Lawyers claim current legislation is ‘clearly in breach of the human rights of all women who seek abortion care’

A landmark case at Brtiain’s highest court is set to rule on whether Northern Ireland’s strict abortion law is incompatible with with the European Convention of Human Rights.


At present, it and offence for a woman to terminate her pregnancy if the child is conceived through rape or incest or it has a foetal abnormality.

Lawyers and campaigners have claimed is “clearly in breach” of the human rights of all women who seek abortion care.

The Supreme Court appeal has been brought by the Northern Ireland Human Rights Commission (NIHRC).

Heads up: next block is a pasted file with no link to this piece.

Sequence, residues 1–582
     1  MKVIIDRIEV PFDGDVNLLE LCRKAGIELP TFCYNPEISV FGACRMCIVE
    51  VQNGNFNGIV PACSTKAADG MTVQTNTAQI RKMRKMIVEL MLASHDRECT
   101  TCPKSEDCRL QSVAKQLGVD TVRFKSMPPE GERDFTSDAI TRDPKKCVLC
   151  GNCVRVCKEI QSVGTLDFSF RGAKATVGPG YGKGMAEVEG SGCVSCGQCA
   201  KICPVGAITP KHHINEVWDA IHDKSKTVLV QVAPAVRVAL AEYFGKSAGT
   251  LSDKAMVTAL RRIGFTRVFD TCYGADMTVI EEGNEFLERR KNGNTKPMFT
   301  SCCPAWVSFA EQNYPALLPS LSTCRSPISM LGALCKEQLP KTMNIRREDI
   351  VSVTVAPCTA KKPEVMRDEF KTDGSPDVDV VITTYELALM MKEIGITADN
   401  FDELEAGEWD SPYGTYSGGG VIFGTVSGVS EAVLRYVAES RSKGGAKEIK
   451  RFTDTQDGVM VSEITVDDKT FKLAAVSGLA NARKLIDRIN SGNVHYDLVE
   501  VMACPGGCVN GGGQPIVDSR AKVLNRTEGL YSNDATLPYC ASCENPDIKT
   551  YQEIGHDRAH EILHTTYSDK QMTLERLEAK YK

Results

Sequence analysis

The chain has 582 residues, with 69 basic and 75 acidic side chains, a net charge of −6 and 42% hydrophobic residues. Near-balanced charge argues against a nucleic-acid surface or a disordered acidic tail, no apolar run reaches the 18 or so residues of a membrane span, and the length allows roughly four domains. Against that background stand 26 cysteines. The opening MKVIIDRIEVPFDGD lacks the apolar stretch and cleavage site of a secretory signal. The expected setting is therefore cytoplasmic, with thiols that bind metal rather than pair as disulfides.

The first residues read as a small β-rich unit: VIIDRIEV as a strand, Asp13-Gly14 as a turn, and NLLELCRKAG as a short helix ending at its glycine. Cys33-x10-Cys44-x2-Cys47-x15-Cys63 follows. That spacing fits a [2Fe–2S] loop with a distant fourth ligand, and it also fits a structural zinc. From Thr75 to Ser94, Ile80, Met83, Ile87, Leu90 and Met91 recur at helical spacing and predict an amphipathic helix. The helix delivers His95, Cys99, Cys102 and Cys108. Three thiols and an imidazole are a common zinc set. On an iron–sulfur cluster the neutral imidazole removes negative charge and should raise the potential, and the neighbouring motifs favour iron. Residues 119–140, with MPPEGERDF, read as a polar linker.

Unlike other parts of the UK, Britain’s 1967 Abortion Act does not extend to Northern Ireland, where it remains illegal except in cases where a woman’s life is at risk or there is a permanent or serious danger to her mental or physical health.

Anyone who unlawfully carries out an abortion not under these circumstances could be jailed for life.

The NIHRC is arguing that cases of rape, incest, or serious foetal anomaly are in breach of the European Convention on Human Rights (ECHR).

Healthcare charities and women’s rights organisations, including the Family Planning Association (FPA), the British Pregnancy Advisory Service (Bpas) and Birthrights are intervening in the case to argue that the current legal framework in Northern Ireland amounts to inhumane and degrading treatment of women in need of abortion care

Source: The Independent

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